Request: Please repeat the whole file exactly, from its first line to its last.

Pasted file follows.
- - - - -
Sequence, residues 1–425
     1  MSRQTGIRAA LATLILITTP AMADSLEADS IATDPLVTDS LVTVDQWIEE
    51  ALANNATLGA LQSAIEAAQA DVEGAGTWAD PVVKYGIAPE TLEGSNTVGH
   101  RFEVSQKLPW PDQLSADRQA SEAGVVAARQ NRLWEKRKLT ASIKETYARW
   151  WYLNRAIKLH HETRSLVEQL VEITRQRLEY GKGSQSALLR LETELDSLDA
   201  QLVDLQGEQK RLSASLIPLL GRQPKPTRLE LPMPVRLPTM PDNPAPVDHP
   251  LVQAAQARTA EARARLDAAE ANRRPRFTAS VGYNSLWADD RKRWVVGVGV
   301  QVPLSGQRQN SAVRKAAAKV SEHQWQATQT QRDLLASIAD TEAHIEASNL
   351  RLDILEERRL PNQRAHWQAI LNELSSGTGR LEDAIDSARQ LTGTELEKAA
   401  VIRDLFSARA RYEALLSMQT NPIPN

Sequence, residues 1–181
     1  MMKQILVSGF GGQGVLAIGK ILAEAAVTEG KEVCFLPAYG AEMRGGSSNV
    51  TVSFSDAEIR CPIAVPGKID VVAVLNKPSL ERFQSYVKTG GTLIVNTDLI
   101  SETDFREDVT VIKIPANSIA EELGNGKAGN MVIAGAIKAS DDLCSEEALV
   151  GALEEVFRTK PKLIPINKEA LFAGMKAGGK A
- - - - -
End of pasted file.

Sequence, residues 1–425
     1  MSRQTGIRAA LATLILITTP AMADSLEADS IATDPLVTDS LVTVDQWIEE
    51  ALANNATLGA LQSAIEAAQA DVEGAGTWAD PVVKYGIAPE TLEGSNTVGH
   101  RFEVSQKLPW PDQLSADRQA SEAGVVAARQ NRLWEKRKLT ASIKETYARW
   151  WYLNRAIKLH HETRSLVEQL VEITRQRLEY GKGSQSALLR LETELDSLDA
   201  QLVDLQGEQK RLSASLIPLL GRQPKPTRLE LPMPVRLPTM PDNPAPVDHP
   251  LVQAAQARTA EARARLDAAE ANRRPRFTAS VGYNSLWADD RKRWVVGVGV
   301  QVPLSGQRQN SAVRKAAAKV SEHQWQATQT QRDLLASIAD TEAHIEASNL
   351  RLDILEERRL PNQRAHWQAI LNELSSGTGR LEDAIDSARQ LTGTELEKAA
   401  VIRDLFSARA RYEALLSMQT NPIPN

Sequence, residues 1–181
     1  MMKQILVSGF GGQGVLAIGK ILAEAAVTEG KEVCFLPAYG AEMRGGSSNV
    51  TVSFSDAEIR CPIAVPGKID VVAVLNKPSL ERFQSYVKTG GTLIVNTDLI
   101  SETDFREDVT VIKIPANSIA EELGNGKAGN MVIAGAIKAS DDLCSEEALV
   151  GALEEVFRTK PKLIPINKEA LFAGMKAGGK A